The parent company of the Las Vegas Sun “consolidated” its operations Wednesday, naming the president of the Greenspun Corp. to also oversee the previously separate Greenspun Media Group.
Paul Hamilton, who became president and chief executive officer of the Greenspun Corp. in April, will assume a similar role with Greenspun Media, which publishes the Sun, Vegas Inc., Las Vegas Weekly, Las Vegas Magazine and Vegas2Go.
In an email Wednesday afternoon to the staff at the Sun and Greenspun Media, Brian Greenspun, publisher and editor of the Sun and Greenspun Media, said, “In an effort to consolidate the Greenspun family businesses, Paul Hamilton, president of The Greenspun Corporation, has been appointed president of Greenspun Media Group. I will remain publisher and editor of the Greenspun Media entities. I know you will all join me in congratulating Paul.”
It’s unclear whether Greenspun will now report to Hamilton, or what impact the change may have on the Sun.
Greenspun took over day-to-day operations of Greenspun Media in September 2011.
According to a story posted on the Vegas Inc. website in April, Hamilton is a founding principal of Province Advisors. He has more than 15 years of experience providing advisory services to privately held companies, repositioning them for growth and create long-term value.
The Greenspun Corp. includes the media group, travel website Vegas.com, developer American Nevada Co., Greenspun Gaming, an investment portfolio and the Greenspun Family charitable foundation.
The Las Vegas Sun is an eight- to 12-page daily insert delivered with the Las Vegas Review-Journal. The paper derives most of its revenue from a joint operating agreement with R-J owner Stephens Media.
Greenspun family patriarch Hank Greenspun began the Las Vegas Sun when he acquired the remnants of a newspaper started by the International Typographical Union. First published in May 1950 as the Las Vegas Free Press, the paper’s name was changed to Las Vegas Sun in July of that year.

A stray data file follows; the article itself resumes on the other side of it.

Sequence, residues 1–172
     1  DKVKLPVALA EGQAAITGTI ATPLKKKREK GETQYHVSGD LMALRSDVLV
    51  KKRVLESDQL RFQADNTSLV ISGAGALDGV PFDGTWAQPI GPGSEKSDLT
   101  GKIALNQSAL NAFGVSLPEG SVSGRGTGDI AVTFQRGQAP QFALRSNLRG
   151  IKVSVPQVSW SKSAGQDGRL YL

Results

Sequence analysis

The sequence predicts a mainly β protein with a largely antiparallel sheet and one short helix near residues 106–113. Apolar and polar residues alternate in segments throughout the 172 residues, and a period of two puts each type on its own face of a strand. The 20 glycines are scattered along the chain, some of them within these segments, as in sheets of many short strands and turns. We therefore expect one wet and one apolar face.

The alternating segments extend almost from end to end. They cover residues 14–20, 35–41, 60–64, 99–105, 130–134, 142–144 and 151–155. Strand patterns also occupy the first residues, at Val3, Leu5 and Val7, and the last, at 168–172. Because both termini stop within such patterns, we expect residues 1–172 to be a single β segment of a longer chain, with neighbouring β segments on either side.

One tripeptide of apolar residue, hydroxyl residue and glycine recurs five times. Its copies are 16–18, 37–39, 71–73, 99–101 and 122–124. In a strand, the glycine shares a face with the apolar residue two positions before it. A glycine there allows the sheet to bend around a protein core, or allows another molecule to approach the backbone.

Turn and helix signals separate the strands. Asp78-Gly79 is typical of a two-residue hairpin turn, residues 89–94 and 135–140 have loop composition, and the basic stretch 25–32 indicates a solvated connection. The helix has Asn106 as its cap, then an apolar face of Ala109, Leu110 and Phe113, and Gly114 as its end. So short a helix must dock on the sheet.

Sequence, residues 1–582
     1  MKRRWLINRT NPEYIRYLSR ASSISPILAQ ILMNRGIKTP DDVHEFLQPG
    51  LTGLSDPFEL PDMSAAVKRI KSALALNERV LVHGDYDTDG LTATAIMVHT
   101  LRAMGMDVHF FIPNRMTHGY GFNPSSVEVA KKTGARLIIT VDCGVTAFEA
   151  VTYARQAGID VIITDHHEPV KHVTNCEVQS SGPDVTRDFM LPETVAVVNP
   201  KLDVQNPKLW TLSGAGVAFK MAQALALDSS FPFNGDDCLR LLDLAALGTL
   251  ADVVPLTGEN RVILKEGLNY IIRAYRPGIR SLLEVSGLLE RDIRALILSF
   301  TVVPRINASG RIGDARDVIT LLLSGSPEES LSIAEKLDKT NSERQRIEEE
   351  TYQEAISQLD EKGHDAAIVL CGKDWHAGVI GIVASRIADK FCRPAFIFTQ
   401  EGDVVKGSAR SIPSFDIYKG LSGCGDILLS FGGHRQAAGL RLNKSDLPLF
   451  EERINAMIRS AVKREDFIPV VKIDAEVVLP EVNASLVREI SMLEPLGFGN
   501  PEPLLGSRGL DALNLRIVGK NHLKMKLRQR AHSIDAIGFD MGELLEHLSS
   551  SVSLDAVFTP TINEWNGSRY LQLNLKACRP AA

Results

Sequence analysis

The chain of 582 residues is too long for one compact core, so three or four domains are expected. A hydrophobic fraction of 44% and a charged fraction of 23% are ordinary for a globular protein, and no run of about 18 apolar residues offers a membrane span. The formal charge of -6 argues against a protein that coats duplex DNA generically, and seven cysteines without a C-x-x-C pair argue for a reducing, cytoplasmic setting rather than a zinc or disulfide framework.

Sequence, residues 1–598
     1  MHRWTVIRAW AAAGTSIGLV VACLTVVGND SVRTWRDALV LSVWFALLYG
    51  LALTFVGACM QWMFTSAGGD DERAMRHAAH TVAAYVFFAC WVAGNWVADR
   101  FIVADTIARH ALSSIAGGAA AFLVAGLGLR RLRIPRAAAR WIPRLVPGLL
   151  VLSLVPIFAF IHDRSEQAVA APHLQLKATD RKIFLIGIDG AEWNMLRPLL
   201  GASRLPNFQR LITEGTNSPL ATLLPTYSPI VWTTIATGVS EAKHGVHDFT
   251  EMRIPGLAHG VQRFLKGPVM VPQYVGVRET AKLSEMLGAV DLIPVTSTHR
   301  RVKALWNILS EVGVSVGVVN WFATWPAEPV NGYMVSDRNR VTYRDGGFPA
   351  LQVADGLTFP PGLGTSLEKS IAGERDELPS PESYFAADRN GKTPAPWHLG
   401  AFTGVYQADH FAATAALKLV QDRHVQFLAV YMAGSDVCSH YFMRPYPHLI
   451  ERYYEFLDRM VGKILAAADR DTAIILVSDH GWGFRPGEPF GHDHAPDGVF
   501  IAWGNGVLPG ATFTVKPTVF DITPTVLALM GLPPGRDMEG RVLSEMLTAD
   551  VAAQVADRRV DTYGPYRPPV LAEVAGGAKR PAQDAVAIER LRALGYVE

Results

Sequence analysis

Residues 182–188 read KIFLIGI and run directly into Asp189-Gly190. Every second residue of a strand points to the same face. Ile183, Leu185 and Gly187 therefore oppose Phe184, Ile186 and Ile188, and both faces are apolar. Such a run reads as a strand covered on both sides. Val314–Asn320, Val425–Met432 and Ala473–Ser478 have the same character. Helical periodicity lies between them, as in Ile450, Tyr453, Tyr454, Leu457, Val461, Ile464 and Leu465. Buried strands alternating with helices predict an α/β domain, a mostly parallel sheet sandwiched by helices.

Hank Greenspun died in 1989, the same year his family signed the joint operating agreement with the Review-Journal. Over the years, the Greenspun family moved beyond publishing into other businesses that have been hit hard by the recession and housing bust.
The family launched American Nevada Co. in 1974. The real estate development arm was responsible for the 8,400-acre Green Valley in Henderson, Southern Nevada’s first master-planned community.
The Greenspuns became partners in several gaming projects with Station Casinos, including ownership in Green Valley Ranch Resort and Aliante Station. That investment was lost through Station Casinos’ 2011 bankruptcy reorganization.
The Greenspuns still have a stake in three Station Casinos properties: Barley’s Casino, the Greens and the Wildfire Lanes.
The Las Vegas Sun was a part owner in Las Vegas 1, a failed cable television channel, and the Greenspuns invested heavily in the Las Vegas Sun’s website and have been criticized for winning awards with it while producing little revenue.
The Las Vegas Sun produced the short-lived 702.tv, a nightly television show on the Las Vegas entertainment scene that was created for Las Vegas 1. The plug was pulled on the show after just a few months.
The Sun went through a series of layoffs in 2009, 2010 and 2011, eliminating an estimated 75 editorial staffers.
The Review-Journal also cut staff from each of its departments in 2011, including the newsroom, in an ongoing effort to reduce costs and make operations more efficient. In August, the Review-Journal reorganized its newsroom by adding two new deputy editors and eliminating other senior management positions.
Contact reporter Howard Stutz at firstname.lastname@example.org or 702-477-3871.
Follow @howardstutz on Twitter.